Hypertriglyceridaemia-induced acute pancreatitis due to patient non-compliance

    loading  Checking for direct PDF access through Ovid


A 34-year-old woman presented with acute and progressive pain in the upper abdomen with worsening nausea, vomiting and diarrhoea. Her pain was described as severe, sharp and stabbing, with radiation to her chest and back. The patient's amylase and lipase levels were only mildly elevated. However, triglyceride levels (10 039 mg/dL) were markedly elevated upon presentation and no other causes of acute pancreatitis (e.g. obstruction, alcohol and medication) were identified. The patient was treated with opioids to control her pain and gemfibrozil was initiated to reduce her triglycerides. In addition, the patient received enoxaparin for deep vein thrombosis prevention and insulin for hyperglycaemia which also have been shown to decrease elevated triglycerides. The patient subsequently required antibiotic therapy with piperacillin-tazobactam after developing fever and an elevated white blood cell count. We review the role of adjunctive therapy with heparin and insulin in a patient with recurrent pancreatitis probably because of hypertriglyceridaemia and medication non-compliance.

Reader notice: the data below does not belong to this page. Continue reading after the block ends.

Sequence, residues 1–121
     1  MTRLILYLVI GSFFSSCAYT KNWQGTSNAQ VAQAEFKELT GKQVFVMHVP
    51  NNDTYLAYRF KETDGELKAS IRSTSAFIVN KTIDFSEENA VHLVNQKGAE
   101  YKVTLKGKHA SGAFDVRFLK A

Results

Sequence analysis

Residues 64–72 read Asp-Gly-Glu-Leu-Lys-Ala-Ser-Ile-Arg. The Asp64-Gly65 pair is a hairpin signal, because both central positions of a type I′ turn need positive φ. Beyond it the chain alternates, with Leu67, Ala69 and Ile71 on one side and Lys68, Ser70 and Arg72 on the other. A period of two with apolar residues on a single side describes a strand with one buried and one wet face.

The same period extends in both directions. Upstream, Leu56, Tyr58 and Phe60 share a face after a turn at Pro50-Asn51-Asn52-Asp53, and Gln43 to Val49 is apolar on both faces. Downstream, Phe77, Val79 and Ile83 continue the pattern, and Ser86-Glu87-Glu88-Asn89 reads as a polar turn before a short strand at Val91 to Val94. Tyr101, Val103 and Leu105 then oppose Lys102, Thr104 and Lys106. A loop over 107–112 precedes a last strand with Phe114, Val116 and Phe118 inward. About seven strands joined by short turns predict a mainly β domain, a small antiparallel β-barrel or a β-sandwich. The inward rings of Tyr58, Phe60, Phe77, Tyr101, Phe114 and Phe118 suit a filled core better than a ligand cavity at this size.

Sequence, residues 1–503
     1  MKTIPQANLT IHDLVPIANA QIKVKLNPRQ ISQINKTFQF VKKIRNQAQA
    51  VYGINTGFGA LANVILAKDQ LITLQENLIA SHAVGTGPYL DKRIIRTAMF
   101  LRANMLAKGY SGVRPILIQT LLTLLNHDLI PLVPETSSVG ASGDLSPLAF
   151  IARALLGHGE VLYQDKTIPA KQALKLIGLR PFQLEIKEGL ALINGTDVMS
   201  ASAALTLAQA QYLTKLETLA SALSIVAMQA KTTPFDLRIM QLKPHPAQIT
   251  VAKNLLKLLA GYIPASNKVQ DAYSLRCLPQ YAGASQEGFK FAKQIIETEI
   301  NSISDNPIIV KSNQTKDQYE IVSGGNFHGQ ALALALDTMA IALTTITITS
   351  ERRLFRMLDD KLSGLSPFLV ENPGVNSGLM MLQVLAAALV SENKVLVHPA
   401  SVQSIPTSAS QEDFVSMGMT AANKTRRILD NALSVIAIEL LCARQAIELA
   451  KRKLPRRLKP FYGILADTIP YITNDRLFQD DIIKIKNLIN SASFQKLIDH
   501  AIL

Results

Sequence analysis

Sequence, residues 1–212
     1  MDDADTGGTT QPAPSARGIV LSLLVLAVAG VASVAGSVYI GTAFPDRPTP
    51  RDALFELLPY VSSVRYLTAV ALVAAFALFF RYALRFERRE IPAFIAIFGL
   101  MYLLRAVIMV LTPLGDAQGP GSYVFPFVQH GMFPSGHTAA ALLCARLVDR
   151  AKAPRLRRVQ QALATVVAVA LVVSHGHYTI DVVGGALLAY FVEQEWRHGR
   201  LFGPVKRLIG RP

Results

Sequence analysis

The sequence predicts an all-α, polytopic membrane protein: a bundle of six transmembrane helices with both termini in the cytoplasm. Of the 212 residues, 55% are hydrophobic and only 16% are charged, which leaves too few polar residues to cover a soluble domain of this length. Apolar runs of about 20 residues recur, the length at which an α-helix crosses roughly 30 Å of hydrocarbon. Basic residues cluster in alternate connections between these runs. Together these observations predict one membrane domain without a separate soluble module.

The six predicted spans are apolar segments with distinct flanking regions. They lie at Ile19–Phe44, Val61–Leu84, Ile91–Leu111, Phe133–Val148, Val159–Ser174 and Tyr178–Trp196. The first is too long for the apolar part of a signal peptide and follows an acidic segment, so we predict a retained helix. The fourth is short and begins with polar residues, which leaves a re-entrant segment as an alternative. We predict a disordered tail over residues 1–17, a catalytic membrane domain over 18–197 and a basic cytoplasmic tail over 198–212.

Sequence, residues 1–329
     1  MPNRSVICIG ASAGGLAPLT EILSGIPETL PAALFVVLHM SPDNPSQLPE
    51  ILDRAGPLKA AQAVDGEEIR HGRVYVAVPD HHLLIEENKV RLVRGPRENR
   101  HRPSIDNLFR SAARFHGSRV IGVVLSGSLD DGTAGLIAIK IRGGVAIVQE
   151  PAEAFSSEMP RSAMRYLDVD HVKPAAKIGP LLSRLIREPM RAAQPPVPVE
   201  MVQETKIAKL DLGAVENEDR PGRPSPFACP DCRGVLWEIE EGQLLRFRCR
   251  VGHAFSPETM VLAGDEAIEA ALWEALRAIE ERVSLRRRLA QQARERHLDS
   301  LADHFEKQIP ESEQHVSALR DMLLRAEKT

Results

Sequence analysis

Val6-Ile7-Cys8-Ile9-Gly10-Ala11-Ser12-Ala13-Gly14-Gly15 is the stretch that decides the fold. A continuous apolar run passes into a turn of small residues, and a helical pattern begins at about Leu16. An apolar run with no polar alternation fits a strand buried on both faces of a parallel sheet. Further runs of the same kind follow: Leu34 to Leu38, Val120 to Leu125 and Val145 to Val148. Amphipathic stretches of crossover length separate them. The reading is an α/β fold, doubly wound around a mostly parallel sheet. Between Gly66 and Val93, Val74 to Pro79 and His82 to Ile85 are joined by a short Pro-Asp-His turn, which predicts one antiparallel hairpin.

Related Topics

    loading  Loading Related Articles